Novak Djokovic had his visa canceled by the Australian government again, facing a 3-year ban if he’s deported while awaiting another appeal over the weekend.
The international saga and visa gamesmanship between Novak Djokovic and immigration at the Australian government continued with the world No. 1 men’s tennis player desperately trying to hold off deportation with a weekend hearing.
Only someone rich and famous would have been able to score an appeal hearing as quickly as Novak Djokovic did, with the privileged millionaire directing his lawyers in action once Immigration Minister Alex Hawke canceled his visa late Friday, Australian time, on “health and good order grounds, on the basis that it was in the public interest to do so.”
Considering the difficulties that Australians have suffered during the coronavirus pandemic, most of the country would like to see the Serbian player deported — at least 83 percent agreeing with the country’s hardline stance, possibly even as much as 90 percent — the government really had no option than to push for greater action.
Additionally, much more damaging information has emerged after the first time the visa was canceled on Jan. 5. It’s now no longer just a vaccine mandate issue at hand. The Dec. 16 Positive COVID PCR test that Djokovic’s team cited to receive their exemption status has also illustrated further behavioral issues including the tennis player’s appearance at two events post-positive status.
At one — a commemorative stamp ceremony in Serbia — the 20-time slam champ has been criticized for exposing children to the disease, although Djokovic claims that he was unaware of his positive test at the time (which some are skeptical about). However, at another — a photo shoot where he exposed a photographer and a journalist — he was aware of his test and said that he didn’t want to disappoint the journalist. However, the International Tennis Writer’s Association (ITWA) called Djokovic’s decision “deeply concerning.” Apparently, Serbia — which usually has his back — is also looking into these incidents as well.
Novak Djokovic could be in trouble with other countries besides Australia
Djokovic is additionally under investigation in Spain for having illegally traveled there during the 14 days prior to arriving in Australia, even though he ticked off the box on his immigration form that he hadn’t traveled anywhere during that time, a violation that can result in jail time. This error in judgment was of course blamed on someone else who works for the Serbian player as an “administrative mistake.”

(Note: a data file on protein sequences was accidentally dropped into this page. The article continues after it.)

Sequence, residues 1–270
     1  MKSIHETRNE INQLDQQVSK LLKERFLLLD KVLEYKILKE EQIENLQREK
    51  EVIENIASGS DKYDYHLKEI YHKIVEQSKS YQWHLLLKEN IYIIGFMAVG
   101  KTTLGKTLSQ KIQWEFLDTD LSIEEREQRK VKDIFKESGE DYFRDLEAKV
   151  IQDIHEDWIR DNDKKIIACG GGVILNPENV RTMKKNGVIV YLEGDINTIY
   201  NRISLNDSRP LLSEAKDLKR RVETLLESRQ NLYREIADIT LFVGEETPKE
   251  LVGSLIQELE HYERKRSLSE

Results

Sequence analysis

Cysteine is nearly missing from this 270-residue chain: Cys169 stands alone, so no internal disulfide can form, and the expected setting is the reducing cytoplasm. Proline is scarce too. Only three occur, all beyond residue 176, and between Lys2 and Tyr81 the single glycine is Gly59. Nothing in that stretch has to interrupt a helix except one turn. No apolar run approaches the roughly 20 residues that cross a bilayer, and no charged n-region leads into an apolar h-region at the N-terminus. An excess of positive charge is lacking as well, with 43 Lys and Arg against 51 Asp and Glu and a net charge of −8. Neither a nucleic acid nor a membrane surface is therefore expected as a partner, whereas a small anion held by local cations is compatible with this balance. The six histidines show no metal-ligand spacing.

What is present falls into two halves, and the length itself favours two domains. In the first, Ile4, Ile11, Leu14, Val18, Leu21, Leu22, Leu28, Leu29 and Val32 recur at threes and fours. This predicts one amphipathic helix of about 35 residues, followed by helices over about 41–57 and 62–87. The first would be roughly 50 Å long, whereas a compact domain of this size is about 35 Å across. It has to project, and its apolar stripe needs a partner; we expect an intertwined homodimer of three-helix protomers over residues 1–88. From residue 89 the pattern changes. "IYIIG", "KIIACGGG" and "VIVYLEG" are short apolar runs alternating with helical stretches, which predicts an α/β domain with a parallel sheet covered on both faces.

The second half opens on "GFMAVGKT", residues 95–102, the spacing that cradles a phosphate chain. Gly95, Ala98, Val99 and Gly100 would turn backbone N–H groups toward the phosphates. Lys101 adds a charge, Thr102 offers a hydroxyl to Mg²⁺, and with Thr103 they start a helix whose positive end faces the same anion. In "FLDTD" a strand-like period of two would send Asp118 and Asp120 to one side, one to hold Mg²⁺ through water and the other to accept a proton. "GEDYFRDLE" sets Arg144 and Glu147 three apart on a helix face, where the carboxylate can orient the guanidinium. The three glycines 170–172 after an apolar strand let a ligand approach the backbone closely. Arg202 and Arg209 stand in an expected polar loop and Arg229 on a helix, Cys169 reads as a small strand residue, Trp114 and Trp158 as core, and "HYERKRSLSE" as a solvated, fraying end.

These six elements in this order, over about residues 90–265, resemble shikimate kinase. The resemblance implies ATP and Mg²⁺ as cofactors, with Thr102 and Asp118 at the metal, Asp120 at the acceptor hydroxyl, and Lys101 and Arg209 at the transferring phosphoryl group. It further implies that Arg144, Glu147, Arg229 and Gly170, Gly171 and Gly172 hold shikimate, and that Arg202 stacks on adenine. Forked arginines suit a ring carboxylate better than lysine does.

All of the above behavioral concerns are now on the table in the new immigration row. They are also serious lapses in judgment that the public rightly lays blame at the tennis player’s feet. This has now become a PR disaster for the tennis legend, who is hellbent on being crowned the GOAT with a 21st grand slam and a chance to outshine the other two legends he is tied with, Roger Federer and Rafael Nadal.
But at what cost? Djokovic has shown that he is willing to flout the rules for his own benefit, something his two other competitors for GOAT status never would do. He wonders why he isn’t as beloved as Federer and Nadal? His self-centered behavior and dogged pursuit of records at all costs have done so much damage to his personal reputation.
It’s not the first time the 34-year-old tennis player has courted controversy. He was ousted from the 2020 U.S. Open for hitting a lineswoman during a temper tantrum. Famously anti-vax, he held a tennis tournament before that slam in Croatia where COVID protocols were flagrantly disregarded, resulting in several participants catching the disease.
Novak Djokovic is set to be detained by immigration on Saturday and await an appeal trial on Sunday, an enormous privilege only afforded to the rich and famous, apparently. The Australian Open begins the day after, Jan. 17. If Djokovic is permitted to play, it will be a huge blow to the hosting country, where a favorable outcome for the tennis star will send a terrible message that rules are only for the little people, and that selfish, callous athletes can do whatever they want.